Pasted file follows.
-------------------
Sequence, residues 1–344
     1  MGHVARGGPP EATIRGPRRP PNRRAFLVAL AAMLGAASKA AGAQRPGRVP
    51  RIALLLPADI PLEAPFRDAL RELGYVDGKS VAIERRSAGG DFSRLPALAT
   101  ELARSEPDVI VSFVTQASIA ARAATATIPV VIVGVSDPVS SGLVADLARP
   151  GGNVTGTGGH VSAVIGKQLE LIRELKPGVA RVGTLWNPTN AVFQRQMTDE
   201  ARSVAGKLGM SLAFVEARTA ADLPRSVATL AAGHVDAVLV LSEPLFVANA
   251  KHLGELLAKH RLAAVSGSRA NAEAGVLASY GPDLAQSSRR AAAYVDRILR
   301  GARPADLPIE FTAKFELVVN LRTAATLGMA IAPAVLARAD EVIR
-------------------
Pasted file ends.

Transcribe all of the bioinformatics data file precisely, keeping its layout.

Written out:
Sequence, residues 1–344
     1  MGHVARGGPP EATIRGPRRP PNRRAFLVAL AAMLGAASKA AGAQRPGRVP
    51  RIALLLPADI PLEAPFRDAL RELGYVDGKS VAIERRSAGG DFSRLPALAT
   101  ELARSEPDVI VSFVTQASIA ARAATATIPV VIVGVSDPVS SGLVADLARP
   151  GGNVTGTGGH VSAVIGKQLE LIRELKPGVA RVGTLWNPTN AVFQRQMTDE
   201  ARSVAGKLGM SLAFVEARTA ADLPRSVATL AAGHVDAVLV LSEPLFVANA
   251  KHLGELLAKH RLAAVSGSRA NAEAGVLASY GPDLAQSSRR AAAYVDRILR
   301  GARPADLPIE FTAKFELVVN LRTAATLGMA IAPAVLARAD EVIR